5. Remove from heat and keep warm until ready to use. The sauce can be made 1 day ahead and be refrigerated, covered. Reheat over low heat.

Fish Fritters

 Once again, this recipe has beautiful ancient script handwriting that has to be Baba or even her mother, and is another recipe without measurements or proportions. All the fish recipes, including the upcoming "famous" ones come directly from the Sewall side of the family. Marcia Sewall (aka Baba) and her mother Marcia are both descended from the Sewall ship builders on the shores of Merrymeeting Bay in Bath, Maine. Somewhere along the way, they moved to CT and established Merrymeeting Farm in Stonington, CT. This blog is named after the farm and the bay. Stonington is where we were married (on Elihu Island), where Hi-Ho is buried, where my parents were married and where my father currently resides.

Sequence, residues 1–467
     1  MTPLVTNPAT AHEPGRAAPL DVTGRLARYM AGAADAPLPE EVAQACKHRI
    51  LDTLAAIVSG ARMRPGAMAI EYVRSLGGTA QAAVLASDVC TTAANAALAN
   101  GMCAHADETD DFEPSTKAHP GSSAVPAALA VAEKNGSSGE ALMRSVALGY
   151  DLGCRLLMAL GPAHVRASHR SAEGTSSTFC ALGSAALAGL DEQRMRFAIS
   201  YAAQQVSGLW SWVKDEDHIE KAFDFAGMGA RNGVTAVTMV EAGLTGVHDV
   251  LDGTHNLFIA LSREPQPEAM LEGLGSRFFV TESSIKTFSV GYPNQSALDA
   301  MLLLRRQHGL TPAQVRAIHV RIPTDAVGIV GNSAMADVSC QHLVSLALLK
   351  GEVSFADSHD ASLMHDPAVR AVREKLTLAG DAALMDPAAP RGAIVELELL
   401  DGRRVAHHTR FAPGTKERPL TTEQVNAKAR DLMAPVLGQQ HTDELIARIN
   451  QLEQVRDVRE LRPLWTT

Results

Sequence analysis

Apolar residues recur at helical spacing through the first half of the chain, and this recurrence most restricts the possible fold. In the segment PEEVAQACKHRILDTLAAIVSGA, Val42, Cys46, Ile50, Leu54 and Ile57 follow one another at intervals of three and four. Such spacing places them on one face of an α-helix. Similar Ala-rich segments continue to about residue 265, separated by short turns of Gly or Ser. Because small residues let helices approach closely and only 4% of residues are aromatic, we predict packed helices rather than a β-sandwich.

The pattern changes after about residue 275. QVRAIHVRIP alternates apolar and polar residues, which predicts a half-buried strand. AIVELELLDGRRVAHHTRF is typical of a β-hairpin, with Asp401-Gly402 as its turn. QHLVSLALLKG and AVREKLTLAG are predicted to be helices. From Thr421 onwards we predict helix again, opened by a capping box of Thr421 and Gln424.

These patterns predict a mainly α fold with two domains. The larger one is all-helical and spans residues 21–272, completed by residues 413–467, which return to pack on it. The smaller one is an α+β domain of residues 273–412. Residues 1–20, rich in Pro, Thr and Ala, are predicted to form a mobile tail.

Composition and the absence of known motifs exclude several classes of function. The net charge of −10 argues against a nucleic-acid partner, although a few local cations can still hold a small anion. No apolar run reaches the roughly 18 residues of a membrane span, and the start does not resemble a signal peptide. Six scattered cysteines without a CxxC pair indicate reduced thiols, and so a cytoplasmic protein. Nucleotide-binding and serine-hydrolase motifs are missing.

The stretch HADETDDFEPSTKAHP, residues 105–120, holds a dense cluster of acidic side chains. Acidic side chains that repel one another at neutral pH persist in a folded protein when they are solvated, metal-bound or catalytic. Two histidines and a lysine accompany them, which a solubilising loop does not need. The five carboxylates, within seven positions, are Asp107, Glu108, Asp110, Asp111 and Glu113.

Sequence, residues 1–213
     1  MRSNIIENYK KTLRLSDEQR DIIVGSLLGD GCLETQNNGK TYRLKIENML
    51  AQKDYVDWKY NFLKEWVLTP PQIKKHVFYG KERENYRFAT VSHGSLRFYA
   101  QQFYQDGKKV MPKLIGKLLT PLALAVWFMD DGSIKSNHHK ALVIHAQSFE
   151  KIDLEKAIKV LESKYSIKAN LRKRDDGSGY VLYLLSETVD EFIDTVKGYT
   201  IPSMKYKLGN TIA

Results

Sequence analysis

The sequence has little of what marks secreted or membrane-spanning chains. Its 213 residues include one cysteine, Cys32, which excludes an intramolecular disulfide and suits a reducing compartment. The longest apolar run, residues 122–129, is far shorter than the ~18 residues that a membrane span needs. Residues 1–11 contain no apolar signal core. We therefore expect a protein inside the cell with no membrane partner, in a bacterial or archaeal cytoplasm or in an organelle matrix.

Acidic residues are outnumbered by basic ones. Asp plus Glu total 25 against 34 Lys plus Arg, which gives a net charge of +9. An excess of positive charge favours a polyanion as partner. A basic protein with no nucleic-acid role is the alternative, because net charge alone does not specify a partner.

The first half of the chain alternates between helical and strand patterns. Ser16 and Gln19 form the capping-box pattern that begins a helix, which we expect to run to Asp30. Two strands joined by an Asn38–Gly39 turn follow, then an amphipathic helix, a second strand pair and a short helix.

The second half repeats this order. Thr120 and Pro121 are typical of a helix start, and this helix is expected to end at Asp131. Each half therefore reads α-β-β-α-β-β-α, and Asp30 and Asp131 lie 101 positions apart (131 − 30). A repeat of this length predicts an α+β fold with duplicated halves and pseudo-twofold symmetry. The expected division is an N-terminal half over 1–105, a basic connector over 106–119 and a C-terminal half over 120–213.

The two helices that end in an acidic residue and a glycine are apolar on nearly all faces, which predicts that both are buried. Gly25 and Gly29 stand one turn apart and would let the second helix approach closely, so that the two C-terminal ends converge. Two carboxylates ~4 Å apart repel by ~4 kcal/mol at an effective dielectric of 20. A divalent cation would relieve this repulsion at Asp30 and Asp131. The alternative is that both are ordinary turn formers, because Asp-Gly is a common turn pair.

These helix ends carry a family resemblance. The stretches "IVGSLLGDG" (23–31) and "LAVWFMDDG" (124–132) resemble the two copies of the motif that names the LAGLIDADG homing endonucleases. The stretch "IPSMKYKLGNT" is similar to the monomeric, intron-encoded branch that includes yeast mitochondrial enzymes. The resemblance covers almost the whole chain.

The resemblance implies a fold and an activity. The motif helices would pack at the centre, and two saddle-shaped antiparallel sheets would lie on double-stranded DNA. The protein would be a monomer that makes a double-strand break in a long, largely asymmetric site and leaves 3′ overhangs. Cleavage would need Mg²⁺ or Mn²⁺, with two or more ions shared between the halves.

Cold cooked fish
1 onion
mashed potatoes
1 egg beaten


1. Pound the fish and add peeled onion (I can only assume and chopped!) and pound with the fish. 
2. Add salt and pepper. 
3. Add equal bulk (as fish) mashed potatoes. 
4. Mix and make into paste with egg. 
5. Roll the mixture. 
6. Cur in pieces 3 inches across. 
7. Fry
8. Serve with a sauce (not specified but tartar sounds good to me!)

Brandade of Cod

Whipped Salt Cod Spread (Brandade de Morue) Recipe | Serious Eats 

photo credit to


 1 lb salt codfish
1/2 cup olive oil
3 Tablespoons lemon juice
1 clove garlic
1 1/4 cup evaporated milk
1/4 teaspoon nutmeg